"Everyone deserves two things: their vice and their peace," said Rob Wilson on the occasion of opening Stella Caffé in November of 2008. Wilson's been in the vice business—selling demon caffeine in the form of some of Seattle's most marvelous espresso—at First and University ever since. Now it's time for liquor in the form of the Diller Room, found at the back of the cafe. You'll see the gilt letters spelling out the name and the pale green and white leaded glass; beyond that waits a hideaway of dimness and cushy booths. It's your vice and your peace, all in one.

The Diller Room has an unaffected old-timey air—golden velvet wing chairs, a wall of two dozen beveled mirrors, a vaseful of exploding tulips that those with less imagination would've judged past their prime and tossed out already. Wilson found a Swarovski chandelier and vintage sconces in order to get the proper sparkle; modern crystals, to his mind, don't cut it. You could call the Diller Room "speakeasy style," but you could also dispense with that tiredness; the place plainly does not care whether it's fashionable or not, aspiring merely to be right. The storage area, deeper into the hillside (and slated to be part of the bar in the future), used to be an actual speakeasy when liquor was actually illegal; the front was a fake Chinese laundry, and entrance was gained down a secret stairway from a bathroom in the Diller Hotel upstairs.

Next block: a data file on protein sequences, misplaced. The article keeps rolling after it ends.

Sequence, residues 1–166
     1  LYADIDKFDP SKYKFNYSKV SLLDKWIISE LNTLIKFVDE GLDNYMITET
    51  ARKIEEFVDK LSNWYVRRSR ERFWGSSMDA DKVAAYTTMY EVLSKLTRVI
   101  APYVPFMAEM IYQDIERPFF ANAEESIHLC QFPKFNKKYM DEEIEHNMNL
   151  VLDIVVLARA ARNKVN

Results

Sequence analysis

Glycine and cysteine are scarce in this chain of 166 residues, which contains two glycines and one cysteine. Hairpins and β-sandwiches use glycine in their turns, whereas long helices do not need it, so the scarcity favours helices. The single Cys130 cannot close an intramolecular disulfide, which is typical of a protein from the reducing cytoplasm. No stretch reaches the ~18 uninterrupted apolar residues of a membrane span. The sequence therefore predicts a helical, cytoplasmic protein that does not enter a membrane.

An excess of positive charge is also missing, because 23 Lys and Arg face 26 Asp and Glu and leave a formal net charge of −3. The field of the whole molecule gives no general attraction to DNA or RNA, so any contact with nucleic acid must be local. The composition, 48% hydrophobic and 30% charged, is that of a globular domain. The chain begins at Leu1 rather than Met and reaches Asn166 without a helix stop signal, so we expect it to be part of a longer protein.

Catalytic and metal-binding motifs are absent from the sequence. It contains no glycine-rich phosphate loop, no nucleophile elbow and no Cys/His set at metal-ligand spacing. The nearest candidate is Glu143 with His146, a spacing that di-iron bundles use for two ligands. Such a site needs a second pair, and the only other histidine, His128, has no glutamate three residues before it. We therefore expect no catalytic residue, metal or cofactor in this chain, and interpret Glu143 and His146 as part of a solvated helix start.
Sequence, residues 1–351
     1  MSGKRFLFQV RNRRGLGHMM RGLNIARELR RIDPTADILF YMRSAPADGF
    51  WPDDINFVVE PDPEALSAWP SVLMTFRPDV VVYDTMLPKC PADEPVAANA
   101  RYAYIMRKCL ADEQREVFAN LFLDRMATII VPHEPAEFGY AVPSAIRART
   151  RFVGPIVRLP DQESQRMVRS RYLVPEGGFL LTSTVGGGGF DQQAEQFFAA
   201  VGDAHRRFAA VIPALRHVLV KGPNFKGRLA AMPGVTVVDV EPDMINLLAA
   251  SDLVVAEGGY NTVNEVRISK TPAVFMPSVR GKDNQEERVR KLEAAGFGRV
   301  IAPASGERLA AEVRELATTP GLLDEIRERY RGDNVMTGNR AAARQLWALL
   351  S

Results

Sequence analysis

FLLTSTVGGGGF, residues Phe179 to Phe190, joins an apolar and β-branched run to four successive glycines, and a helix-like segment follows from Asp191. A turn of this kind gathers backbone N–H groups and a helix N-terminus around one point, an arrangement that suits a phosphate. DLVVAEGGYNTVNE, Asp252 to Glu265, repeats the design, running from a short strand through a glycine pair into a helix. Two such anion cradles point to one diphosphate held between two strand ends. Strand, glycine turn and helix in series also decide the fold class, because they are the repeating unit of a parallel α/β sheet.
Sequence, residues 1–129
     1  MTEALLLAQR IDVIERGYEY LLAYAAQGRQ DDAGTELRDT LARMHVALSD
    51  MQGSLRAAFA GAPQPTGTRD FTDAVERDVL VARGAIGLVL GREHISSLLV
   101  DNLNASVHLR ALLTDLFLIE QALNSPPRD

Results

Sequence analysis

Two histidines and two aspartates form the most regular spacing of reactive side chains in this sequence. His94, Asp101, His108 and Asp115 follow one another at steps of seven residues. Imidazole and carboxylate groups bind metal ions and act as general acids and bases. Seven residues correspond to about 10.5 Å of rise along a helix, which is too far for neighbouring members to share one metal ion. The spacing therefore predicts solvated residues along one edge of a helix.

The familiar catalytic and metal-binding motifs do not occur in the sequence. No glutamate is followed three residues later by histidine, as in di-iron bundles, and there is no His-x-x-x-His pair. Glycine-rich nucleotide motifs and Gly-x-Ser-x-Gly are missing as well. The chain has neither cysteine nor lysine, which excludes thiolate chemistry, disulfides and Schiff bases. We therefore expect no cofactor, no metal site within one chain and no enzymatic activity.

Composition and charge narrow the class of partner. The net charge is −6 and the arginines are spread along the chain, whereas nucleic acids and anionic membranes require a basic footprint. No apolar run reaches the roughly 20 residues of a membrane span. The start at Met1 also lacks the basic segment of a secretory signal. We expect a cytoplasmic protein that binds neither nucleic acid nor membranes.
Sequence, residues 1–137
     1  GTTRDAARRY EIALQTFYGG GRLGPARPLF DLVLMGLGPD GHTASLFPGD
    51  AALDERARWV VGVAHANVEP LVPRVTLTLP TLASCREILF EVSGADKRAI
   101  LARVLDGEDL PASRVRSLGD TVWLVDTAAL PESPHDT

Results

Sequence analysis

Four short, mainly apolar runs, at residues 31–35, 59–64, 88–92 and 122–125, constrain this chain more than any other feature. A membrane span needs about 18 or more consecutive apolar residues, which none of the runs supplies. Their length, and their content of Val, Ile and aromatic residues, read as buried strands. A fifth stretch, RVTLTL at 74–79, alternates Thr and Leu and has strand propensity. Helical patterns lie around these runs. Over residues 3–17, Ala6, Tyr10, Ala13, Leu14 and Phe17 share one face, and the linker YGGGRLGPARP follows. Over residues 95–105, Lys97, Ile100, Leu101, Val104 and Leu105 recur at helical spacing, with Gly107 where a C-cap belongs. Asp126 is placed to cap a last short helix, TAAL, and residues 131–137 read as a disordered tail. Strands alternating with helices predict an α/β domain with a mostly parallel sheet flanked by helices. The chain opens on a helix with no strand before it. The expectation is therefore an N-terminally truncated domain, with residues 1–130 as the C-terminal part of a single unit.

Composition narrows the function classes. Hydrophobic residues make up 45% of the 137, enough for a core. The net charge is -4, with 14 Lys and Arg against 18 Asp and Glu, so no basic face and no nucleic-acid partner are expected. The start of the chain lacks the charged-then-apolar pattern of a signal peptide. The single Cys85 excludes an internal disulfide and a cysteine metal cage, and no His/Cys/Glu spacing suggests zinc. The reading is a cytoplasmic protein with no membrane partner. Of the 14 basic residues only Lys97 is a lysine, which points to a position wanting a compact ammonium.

The Diller Hotel building (in the Richardsonian Romanesque style, designed by Seattle architect Louis Leonard Mendel) was built by Leonard Diller in 1889 after the great Seattle fire. There was a brick shortage, so the bricks for the Diller were imported from Japan, Wilson says. He's obsessed with the history of the building; over the years, he says, it deteriorated from Seattle's premiere luxury hotel to a place for workingmen to lay their hats, then to a brothel for servicemen. After the war, a "super sketchy" bar called the Flamingo Room stood where Stella and the Diller Room are now; one of the people living upstairs has an old menu from the Flamingo that Wilson's extremely excited to see.

The Dillers still own the building. Leonard's grandson, Earl Diller, is 94 years old and comes in from time to time; he'll look out at the Harbor Steps and tell stories of the hardware store that used to be there, of the happenings on the street in more hardscrabble days. Diller gave Wilson the old neon "DILLER HOTEL" sign outright; there it hangs over the liquor bottles, restored and newly glowing. When he heard about the Diller Room, Diller endorsed it. "Son, give 'em a taste of wine," Earl Diller said. recommended

The Diller Room, 1224 First Ave, 624-1299